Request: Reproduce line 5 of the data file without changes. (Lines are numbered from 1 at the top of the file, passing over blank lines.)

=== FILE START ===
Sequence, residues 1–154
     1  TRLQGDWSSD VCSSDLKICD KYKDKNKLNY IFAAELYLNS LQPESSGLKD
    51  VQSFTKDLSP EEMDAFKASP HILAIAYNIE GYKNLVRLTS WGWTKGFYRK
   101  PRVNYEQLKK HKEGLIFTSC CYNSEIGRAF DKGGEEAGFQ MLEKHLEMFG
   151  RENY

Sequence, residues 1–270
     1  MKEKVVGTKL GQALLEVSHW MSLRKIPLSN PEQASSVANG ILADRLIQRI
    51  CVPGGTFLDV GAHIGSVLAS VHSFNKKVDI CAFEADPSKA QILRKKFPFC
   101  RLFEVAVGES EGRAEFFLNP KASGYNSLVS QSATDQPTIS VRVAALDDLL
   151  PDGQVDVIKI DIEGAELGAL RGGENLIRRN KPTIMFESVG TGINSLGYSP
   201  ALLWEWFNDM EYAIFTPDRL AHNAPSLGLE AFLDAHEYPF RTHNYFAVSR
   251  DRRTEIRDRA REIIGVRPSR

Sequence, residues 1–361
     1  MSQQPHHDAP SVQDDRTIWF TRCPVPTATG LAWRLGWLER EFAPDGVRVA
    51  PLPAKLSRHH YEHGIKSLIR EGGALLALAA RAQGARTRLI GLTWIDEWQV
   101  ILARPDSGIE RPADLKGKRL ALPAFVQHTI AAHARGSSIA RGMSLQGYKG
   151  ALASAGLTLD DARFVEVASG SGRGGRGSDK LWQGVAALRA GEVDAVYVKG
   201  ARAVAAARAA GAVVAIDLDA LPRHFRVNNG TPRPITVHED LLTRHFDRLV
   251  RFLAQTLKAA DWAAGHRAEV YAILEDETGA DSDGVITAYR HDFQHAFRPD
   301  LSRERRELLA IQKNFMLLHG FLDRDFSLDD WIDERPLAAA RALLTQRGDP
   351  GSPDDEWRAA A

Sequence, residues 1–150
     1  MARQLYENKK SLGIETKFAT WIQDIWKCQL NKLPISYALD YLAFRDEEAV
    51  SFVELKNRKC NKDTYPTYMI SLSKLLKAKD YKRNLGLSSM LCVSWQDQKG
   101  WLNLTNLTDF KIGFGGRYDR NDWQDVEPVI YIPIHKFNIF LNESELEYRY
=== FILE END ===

   151  RENY